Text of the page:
In 1971, Don Garlits turned the Top Fuel world upside down with his rear engine dragster design. Within one single season the front-motor Top Fuel chassis was DOA. To remain competitive, the Hoovers switched to a Woody Gilmore back-motor car. Colson quickly adapted without a problem. The Hoovers had also switched to the 426 hemi for power, leaving the 392 Chrysler Hemi behind. With newly added power from the 426 and the highly skilled tuning of Pa Hoover the team enjoyed solid outings for the season.
In mid-season, 1972 Ron Colson was offered his first true big-name ride, the legendary Chi Town Hustler Dodge Charger nitro Funny Car. The vaunted team of John Farkonas, Austin Coil and Pat Minnick fielded one of the nation’s most famous Funny Car operations, and Colson was eager to step into the car and its busy schedule. Colson quickly adapted to the confines of his first Funny Car ride, immediately clocking solid 6.40’s at 230 mph. Along the way the Chi-Town team also took the 1972 IHRA World Championship FC title. Known primarily for their hectic match racing schedule, the Chi Town traveling team and Colson ably stepped into the role of driver and touring roadie as they ran booked dates round after round, across the country.
By ’76 Colson was driving the Chapman Automotive Chicago Patrol Funny Car. That car had rotating “emergency” lights that flashed when the car came to the starting line. In mid-season ’76 he was hired to “temporarily” drive Roland Leong’s Hawaiian FC. Colson and Leong clicked, and his “just a few weeks” ride lasted for several years until 1980. During that five year span he drove several different configurations of Leong’s famous island speedsters. The ’80 season was up-and-down, with big engine boomers, scorching fires and a number of bloops. Still the team managed to make it to the 1980 NHRA World Finals where they won Funny Car and finished third in the points chase that year. Colson’s stint as Leong’s driver ended as one of Leong’s longest-running. Leong was famously quoted as saying: “Drivers are like spark plugs. When you need a new one you just screw out the old driver and screw in a new one!” Still, Colson and Roland got along well and Ron Colson retained the ride for as long as any of Leong’s lengthy list of all-star drivers.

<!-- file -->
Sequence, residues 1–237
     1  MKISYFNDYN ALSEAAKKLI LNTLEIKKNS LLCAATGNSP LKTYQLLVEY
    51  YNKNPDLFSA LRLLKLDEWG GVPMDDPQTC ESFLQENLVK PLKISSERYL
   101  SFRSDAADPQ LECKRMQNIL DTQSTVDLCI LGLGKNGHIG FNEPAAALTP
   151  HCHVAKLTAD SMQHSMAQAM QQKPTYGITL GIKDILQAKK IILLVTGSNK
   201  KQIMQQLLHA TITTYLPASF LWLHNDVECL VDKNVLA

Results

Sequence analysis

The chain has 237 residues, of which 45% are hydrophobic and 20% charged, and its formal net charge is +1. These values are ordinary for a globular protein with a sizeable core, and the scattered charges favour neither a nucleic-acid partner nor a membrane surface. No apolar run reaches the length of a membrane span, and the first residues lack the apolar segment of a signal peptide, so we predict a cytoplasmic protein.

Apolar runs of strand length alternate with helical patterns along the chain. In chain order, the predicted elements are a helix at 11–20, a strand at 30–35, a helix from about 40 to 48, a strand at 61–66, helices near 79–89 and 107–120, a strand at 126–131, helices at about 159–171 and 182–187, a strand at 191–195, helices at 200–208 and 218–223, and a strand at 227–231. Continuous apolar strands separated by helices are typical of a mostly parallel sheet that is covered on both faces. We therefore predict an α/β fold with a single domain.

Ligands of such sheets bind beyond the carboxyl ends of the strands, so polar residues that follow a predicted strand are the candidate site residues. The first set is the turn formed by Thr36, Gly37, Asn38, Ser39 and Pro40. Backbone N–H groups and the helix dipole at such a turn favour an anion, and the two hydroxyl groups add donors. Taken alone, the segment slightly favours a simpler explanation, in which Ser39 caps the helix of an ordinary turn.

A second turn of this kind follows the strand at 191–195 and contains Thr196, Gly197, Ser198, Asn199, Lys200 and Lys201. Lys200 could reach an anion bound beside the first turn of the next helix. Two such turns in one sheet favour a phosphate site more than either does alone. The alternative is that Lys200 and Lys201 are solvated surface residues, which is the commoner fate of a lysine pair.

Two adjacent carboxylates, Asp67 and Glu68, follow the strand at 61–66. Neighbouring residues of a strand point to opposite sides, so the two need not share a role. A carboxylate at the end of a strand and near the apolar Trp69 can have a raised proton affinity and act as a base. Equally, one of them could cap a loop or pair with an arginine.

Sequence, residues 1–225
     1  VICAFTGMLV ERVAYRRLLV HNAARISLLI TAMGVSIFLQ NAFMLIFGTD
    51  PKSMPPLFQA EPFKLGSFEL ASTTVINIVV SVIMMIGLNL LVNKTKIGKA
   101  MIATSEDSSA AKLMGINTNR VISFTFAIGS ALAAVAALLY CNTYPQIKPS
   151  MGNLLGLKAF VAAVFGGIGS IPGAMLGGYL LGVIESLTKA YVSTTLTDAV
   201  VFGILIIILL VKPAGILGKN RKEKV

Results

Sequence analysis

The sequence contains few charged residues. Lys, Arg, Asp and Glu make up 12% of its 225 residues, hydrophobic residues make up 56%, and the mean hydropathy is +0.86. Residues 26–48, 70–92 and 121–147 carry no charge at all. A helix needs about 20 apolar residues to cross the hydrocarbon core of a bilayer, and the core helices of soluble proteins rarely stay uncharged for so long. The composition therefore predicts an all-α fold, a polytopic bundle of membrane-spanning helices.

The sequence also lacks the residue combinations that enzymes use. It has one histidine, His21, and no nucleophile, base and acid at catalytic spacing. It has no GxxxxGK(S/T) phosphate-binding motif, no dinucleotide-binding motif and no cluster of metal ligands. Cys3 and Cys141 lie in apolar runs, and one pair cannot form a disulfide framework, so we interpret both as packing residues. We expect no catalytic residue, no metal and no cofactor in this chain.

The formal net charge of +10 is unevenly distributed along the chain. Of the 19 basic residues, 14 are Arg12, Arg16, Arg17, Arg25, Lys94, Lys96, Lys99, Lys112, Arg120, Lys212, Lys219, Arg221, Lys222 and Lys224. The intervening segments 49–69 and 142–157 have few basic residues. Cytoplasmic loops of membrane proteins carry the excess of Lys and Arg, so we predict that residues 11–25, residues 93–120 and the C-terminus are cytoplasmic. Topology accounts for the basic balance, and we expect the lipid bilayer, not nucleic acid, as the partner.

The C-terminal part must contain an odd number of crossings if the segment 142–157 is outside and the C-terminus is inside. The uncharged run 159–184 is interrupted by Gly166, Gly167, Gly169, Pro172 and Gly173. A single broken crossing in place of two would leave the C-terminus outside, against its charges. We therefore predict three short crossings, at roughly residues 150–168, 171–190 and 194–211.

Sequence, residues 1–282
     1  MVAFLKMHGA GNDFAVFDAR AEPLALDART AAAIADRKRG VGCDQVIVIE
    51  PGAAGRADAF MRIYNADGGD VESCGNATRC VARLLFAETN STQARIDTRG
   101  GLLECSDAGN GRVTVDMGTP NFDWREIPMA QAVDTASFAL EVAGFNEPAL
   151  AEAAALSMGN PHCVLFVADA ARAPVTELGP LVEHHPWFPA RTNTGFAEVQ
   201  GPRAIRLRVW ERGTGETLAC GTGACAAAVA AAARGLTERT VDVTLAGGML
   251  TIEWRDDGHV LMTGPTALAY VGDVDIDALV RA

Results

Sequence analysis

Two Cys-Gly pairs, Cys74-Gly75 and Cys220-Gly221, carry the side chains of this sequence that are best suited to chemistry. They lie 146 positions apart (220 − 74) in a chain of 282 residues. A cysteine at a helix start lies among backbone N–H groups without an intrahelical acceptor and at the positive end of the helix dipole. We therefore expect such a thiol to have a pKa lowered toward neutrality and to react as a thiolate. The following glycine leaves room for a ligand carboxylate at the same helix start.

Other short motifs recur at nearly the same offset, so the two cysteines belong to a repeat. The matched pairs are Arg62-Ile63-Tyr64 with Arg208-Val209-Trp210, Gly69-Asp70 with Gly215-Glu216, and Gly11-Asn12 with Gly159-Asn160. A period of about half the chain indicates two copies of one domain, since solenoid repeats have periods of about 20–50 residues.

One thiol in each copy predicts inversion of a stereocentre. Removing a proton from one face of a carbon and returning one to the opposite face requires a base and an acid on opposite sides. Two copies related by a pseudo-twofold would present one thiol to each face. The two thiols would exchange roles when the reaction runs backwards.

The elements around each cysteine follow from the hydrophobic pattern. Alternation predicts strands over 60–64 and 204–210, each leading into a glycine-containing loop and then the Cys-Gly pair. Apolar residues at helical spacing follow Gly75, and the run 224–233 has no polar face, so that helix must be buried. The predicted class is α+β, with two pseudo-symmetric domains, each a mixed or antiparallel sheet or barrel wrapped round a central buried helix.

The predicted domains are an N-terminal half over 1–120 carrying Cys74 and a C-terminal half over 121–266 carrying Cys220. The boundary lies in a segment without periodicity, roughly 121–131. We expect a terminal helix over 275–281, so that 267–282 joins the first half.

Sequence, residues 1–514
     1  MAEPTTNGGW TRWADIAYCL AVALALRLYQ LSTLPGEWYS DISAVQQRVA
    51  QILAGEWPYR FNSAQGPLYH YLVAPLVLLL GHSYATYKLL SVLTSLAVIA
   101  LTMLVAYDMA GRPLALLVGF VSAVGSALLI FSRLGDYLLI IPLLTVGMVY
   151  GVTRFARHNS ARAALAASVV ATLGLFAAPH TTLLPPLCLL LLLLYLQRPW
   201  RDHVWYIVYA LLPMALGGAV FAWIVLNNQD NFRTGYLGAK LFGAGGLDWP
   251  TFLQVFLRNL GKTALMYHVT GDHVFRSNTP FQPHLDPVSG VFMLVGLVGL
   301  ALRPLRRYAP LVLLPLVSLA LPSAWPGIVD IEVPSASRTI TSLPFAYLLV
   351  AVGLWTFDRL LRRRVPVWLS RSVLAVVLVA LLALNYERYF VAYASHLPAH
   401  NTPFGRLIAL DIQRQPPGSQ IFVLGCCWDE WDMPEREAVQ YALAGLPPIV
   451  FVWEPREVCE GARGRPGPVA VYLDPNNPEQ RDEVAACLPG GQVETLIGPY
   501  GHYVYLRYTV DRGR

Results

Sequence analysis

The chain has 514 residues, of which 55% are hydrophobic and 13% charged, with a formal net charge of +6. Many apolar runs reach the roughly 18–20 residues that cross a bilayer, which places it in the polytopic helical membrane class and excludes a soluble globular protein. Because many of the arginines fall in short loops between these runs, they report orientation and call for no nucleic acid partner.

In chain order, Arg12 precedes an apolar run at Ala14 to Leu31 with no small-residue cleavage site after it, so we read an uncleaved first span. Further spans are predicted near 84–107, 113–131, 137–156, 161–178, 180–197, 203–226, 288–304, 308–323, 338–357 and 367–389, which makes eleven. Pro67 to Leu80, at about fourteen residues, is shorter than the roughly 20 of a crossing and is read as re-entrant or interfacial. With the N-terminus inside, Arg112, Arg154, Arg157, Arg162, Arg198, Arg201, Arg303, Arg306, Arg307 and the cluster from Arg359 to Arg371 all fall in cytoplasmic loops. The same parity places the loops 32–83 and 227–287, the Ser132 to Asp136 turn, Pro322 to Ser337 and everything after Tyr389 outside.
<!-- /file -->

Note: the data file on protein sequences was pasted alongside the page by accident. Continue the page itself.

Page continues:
Colson scored another top-flight FC ride in Roland Leong’s King’s Hawaiian Bread Dodge Omni. Colson lasted as Leong’s longest tenured driver.
After 1980 the Hawaiian ride was over for Ron. Finding no quality Funny Cars needing a top-flight shoe, Colson hung up his firesuit. During Colson’s tenure as a pro race driver he earned a high degree of respect from his car owners, who appreciated his coolness under stress, good starting line leaves and for bringing his equipment back intact. Most importantly, among his fellow nitro race drivers he enjoyed respect as a professional.
Today Ron Colson remains involved with contemporary drag racing as the owner of Track Planning Associates. Colson’s firm specializes in the initial planning, construction and improvements for the nation’s drag strips of the future. His company provides a valued turn-key service by consulting and solving problems with site selection, zoning and other municipal issues, facility design, construction management and operational training for the operators of new tracks. His days as sportsman racer then professional driver now serve him well with the knowledge of what’s required to create a safe, successful racing facility.
Ron Colson’s long career as a driver and now drag racing businessman easily qualifies him for induction into the 2015 East Coast Drag Times Hall of Fame.